The Noble Worker – Father Michael O’Keeffe
In May 1959 a young man from Dromin Muldagin in Clare County Ireland who grew up on a farm dreamt of going into politics. On the 28th of that month everything changed.
More than half a century later Father Michael Josef O’Keeffe is still interested in politics, but his passion since that day was to help others and protect the dignity of man and woman.
On that day, he says, God called him and he decided to go into the seminary instead to become a priest.
Growing up as part of a large family of ten children in the years of the Second World War, he lived through ration books, the scarcity of food, and the scarcity of shoes.
“In Genesis 4 God asks Cain where his brother Abel is. That passage made me realize I have to be my brother’s keeper. We have to be concerned about our fellow man. Be concerned and interested. I pray for God’s direction with this every day,” he explains his compassion for people.
Father O’Keeffe has strong ties with Habitat for Humanity and has been donating to the Ethiopia country program since 2000. Every month he donates 80% of his income to the cause of alleviating poverty housing.
Since 2000 he has given more than $150 000 USD to Habitat for Humanity Ethiopia.
His middle name, Josef, reminds him of the nobility of work.
His own noble work and his donations to the country program has ensured that more than 100 families have received a decent home.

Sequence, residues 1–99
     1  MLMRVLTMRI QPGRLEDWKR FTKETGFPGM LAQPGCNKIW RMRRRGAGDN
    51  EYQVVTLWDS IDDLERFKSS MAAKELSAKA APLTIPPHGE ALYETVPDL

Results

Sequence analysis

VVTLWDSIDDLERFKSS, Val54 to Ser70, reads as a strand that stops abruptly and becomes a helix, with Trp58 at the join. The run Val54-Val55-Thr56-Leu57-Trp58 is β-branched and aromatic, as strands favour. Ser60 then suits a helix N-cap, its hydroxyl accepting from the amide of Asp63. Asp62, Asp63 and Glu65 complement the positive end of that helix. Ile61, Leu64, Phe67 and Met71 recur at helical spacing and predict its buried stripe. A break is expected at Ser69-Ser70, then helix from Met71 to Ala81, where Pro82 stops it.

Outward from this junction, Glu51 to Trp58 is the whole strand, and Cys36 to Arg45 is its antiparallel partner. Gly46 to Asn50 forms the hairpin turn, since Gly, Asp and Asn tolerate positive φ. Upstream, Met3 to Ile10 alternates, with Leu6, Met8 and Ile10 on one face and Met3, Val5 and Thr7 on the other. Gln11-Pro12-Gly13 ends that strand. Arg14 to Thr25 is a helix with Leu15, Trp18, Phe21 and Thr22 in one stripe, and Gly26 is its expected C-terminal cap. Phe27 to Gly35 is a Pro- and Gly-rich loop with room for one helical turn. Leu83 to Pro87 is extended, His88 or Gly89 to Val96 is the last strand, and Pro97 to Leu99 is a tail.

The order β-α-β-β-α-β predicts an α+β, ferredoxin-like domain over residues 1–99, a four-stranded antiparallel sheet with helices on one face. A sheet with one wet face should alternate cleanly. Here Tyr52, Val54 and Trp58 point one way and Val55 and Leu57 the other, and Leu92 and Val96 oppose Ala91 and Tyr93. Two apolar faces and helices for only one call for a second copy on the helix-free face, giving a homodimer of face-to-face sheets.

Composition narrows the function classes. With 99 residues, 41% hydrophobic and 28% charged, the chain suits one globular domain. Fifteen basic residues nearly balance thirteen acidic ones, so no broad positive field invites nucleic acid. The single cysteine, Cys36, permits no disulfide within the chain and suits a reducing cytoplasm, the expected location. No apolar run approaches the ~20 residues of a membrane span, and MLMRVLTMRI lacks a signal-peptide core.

He calls Millard Fuller, the founder of Habitat for Humanity, a saint.
“A saint in heaven. He listened to God. In spirit I was at that very first meeting way back when it began.”
Ethiopia is close to his heart as he has always wanted to help with issues around river blindness and leprosy.
Close to 40 percent of Ethiopia's 77 million people live below the poverty line, and taking in an additional child is an expense few families can afford.
“Ethiopia is mentioned in the Bible and the millions of people living there are in urgent need of housing,” he says.
For Father O’Keeffe a home is central to a better future for a family. He believes one thing begets another. For a good education you must have a decent home, a place where you have privacy and can study.
A certain amount of space, light, a concrete floor... All things that are in keeping with human dignity.
“With the population of the earth rapidly growing, we might never reach the place where all people are housed with dignity, but this does not mean we should not strive toward it,” he says.
Currently Father O’Keeffe is an associate at Blessed Trinity Catholic Church in Ocala, Florida.
He also has a passion for other cultures and sees that mirrored in Habitat for Humanity’s growth into an international organization that is involved across the continents in more than 80 countries.
“The whole human race came from a single pair,” he says of his belief to work among and with all people.
One of his greatest joys is that the Habitat for Humanity Ethiopia office sends him regular updates on the work they do in the country. His office is adorned with pictures of homeowners from Ethiopia and he often gets a phone call from the national director of Habitat for Humanity Ethiopia, Kebede Abebe.
“Kebede is a wonderful man; we often talk on the phone. I am just so glad that the money can do so much.”
Ordained as a priest on June 8th, 1968 he still hasn’t lost his enthusiasm for the work he does. When he talks about youth getting involved, he grows animated.
“The youth should definitely become involved. Through God’s Grace, when we begin to work and help others, we begin to build community and grow in ourselves. There is no need to feel fatalism when we look at the world. There is no need to feel that we are deprived or have been abandoned. God loves us and he calls us.”